When you host your database with Kinsta, your projects run on Google Cloud Platform’s top-tier infrastructure. In this guide, we’ll dive a little into the details of our Database Hosting infrastructure. For more information about how this works with Kinsta’s Application Hosting, refer to Application Hosting Infrastructure.

A diagram of Kinsta’s Database Hosting infrastructure.
A diagram of Kinsta’s Database Hosting infrastructure.

MyKinsta Add Database

In MyKinsta, when you add a database, the database image is pushed to the Kubernetes cluster.

Kubernetes Cluster

This is a virtual machine (VM) where multiple containers can run. The clusters are tuned to ensure the request from the artifact registry finds the right container, the containers are running, and they have the right resources.

Our Kubernetes infrastructure supports a multi-tenant setup, where each database runs in its own containerized environment. Network isolation and multi-layer virtualization ensure security and prevent unauthorized access between databases. This design provides you with a reliable and secure hosting platform, enabling you to focus on your core business while we handle the underlying infrastructure. We deploy at least one cluster per region, with the potential for additional clusters based on the number of databases in each region. This system ensures optimal resource allocation and scalability to meet the growing needs of our clients.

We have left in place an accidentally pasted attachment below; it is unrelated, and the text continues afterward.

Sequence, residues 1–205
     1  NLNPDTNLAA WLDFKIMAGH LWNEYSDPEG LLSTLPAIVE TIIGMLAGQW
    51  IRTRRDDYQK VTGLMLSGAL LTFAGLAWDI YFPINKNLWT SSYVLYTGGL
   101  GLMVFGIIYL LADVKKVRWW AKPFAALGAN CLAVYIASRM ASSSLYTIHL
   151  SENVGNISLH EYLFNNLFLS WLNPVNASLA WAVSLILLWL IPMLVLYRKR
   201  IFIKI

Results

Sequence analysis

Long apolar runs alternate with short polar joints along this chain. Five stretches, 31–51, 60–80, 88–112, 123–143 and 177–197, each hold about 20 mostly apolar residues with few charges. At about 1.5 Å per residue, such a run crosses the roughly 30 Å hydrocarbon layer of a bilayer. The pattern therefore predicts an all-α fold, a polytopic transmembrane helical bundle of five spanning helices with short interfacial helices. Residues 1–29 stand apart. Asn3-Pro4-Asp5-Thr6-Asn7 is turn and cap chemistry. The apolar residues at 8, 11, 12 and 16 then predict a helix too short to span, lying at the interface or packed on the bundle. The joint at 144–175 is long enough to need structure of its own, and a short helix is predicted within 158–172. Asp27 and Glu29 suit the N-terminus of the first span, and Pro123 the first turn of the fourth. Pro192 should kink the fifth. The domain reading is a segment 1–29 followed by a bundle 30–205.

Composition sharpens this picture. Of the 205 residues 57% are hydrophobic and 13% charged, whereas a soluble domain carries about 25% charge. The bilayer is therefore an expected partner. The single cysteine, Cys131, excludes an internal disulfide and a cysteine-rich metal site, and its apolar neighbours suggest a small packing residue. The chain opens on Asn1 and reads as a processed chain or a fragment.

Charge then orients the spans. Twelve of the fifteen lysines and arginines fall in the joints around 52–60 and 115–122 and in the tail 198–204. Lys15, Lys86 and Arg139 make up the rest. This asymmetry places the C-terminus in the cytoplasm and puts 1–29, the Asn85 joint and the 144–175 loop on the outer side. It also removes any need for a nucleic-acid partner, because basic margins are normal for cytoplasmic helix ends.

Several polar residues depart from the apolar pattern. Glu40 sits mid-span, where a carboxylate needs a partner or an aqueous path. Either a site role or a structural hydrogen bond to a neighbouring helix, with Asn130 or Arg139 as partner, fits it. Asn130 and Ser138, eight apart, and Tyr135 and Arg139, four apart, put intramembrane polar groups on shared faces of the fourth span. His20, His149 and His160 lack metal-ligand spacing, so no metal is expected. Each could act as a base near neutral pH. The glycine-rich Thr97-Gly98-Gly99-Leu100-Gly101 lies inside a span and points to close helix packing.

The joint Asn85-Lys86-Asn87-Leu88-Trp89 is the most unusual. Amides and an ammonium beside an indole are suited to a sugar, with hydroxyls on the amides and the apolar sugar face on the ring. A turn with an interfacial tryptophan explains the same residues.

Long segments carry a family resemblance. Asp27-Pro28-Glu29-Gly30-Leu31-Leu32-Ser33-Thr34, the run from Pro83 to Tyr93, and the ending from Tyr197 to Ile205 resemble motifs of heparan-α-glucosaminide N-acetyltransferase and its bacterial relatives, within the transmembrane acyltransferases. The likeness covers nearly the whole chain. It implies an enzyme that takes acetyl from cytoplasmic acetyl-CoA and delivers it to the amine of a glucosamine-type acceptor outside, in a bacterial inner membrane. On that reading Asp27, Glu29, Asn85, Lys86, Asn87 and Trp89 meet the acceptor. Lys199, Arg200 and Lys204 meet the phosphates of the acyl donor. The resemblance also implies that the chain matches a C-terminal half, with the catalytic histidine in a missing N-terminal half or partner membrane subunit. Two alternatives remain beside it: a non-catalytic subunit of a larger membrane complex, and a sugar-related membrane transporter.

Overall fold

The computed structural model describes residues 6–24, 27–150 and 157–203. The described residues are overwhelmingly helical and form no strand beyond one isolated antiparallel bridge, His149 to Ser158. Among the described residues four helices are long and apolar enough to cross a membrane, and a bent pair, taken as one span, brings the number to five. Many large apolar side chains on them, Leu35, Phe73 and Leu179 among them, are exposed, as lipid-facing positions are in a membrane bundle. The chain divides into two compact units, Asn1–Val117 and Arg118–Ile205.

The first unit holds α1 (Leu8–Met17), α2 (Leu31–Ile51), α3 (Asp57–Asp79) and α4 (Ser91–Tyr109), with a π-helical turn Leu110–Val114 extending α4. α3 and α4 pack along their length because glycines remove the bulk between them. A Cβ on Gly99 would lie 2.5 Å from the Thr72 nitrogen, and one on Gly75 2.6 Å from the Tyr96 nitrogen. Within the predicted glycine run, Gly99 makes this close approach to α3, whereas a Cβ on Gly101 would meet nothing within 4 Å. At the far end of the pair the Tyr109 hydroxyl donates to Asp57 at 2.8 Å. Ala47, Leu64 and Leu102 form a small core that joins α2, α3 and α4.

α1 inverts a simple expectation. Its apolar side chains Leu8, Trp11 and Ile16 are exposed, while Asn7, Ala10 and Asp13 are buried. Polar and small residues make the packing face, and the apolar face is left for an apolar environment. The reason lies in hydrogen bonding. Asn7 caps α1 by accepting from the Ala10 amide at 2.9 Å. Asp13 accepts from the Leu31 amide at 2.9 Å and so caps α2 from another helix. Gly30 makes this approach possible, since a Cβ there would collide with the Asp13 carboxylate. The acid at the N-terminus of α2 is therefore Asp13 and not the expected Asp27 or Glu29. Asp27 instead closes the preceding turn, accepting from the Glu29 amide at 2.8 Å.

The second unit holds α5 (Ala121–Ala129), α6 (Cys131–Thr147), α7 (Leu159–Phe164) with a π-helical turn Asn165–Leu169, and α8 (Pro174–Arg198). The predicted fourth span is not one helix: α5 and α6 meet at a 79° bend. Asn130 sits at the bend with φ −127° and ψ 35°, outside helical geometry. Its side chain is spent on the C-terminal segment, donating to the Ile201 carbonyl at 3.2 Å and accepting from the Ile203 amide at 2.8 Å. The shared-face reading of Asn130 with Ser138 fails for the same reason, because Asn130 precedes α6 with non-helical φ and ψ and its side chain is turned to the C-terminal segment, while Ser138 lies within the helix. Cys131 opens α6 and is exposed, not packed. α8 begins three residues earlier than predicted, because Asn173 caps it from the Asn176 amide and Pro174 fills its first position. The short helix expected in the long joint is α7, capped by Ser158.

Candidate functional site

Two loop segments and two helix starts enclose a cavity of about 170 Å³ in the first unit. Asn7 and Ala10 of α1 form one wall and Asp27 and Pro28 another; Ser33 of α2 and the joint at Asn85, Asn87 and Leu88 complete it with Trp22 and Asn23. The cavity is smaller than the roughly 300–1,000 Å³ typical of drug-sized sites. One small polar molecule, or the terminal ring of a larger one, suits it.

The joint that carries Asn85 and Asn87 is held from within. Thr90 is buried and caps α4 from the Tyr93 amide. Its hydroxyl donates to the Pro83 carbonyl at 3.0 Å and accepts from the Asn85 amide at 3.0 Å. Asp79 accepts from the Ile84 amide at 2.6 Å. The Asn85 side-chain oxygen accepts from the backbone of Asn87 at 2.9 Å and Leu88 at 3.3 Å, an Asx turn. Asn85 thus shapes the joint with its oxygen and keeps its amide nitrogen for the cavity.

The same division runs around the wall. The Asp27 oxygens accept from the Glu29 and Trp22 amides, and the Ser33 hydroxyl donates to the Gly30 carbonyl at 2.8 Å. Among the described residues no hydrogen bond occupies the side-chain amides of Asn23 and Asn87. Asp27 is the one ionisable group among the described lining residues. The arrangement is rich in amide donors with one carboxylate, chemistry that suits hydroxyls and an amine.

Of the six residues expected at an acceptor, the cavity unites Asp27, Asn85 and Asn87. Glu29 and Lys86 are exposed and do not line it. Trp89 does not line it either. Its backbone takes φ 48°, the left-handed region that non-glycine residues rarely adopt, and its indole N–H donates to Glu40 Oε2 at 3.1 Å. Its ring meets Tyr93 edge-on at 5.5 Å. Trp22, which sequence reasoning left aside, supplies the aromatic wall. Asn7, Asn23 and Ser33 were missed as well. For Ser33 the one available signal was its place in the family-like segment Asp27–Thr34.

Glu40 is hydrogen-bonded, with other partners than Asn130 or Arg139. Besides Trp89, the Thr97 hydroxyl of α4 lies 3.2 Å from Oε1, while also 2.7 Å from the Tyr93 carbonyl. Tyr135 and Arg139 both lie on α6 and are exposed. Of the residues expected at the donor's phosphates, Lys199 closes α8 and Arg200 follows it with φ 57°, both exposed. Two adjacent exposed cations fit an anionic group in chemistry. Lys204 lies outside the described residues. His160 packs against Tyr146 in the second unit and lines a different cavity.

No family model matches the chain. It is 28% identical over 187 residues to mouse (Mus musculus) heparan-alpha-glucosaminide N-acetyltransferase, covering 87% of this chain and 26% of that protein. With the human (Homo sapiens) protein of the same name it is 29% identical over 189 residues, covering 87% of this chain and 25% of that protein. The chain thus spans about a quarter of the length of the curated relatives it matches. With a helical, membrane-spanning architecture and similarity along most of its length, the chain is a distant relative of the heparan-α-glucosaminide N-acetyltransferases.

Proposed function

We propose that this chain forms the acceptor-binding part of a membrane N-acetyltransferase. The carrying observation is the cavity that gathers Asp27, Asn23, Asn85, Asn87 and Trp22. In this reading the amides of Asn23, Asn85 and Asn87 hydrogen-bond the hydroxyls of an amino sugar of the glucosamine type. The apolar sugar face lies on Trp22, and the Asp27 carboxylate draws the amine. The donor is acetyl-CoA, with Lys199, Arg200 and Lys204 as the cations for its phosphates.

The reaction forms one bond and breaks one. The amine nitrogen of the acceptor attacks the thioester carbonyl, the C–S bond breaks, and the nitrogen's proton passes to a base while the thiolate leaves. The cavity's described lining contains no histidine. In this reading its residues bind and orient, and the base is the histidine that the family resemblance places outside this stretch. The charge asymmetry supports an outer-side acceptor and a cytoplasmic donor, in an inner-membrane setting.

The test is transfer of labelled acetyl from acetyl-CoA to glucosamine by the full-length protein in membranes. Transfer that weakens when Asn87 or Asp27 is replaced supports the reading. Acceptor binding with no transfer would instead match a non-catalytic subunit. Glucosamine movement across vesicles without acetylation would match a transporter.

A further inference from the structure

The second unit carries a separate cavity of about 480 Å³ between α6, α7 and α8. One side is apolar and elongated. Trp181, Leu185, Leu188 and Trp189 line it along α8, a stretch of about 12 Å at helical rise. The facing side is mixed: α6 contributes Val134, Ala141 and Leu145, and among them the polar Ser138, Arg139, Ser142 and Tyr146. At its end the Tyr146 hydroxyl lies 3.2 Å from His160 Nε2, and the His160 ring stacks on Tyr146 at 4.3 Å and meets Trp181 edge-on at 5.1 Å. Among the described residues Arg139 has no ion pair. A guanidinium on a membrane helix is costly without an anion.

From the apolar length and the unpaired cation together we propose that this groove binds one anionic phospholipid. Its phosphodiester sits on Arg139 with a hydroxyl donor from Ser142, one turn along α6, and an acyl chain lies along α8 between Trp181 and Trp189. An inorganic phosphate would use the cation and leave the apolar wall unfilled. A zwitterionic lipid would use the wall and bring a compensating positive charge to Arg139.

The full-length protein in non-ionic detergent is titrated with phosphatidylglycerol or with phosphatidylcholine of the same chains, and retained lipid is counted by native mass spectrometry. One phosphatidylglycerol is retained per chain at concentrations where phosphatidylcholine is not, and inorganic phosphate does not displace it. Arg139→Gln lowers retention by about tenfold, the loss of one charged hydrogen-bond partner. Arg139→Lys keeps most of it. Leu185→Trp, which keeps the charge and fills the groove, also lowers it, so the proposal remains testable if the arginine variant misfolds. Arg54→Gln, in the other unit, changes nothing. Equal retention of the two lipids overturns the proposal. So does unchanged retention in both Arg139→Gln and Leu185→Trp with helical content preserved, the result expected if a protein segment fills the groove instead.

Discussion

If you’re using an internal connection from an application hosted on Kinsta to a database hosted on Kinsta, when a visitor accesses the website for an application, it first accesses Cloudflare, which knows which cluster hosts the website. It then sends the access request to the correct cluster.

Currently, for Application and Database Hosting, Cloudflare includes the default firewall rules, DDoS protection, and other defaults.

Each cluster has a load balancer that receives the access request from Cloudflare and randomly pushes a VM worker node.

The VM worker node receives the request on the Ingress system, which knows which container is responsible for the hostname being requested. The Ingress system sends the request to the correct container, and if the container has a database attached, it communicates with the database and sends a response on the same route.

A virtual machine (VM) can hold multiple containers and multiple databases.

Each container can have multiple copies on the VM. In this case, the Ingress system knows this and randomly sends through one of the copies of the same container.

External Connection

You can connect to your database via the command line (CLI) or with a database tool. An external connection makes an internet round-trip, so it is much slower than internal communication. We recommend external connections if you are hosting only your database with us but not your front end.

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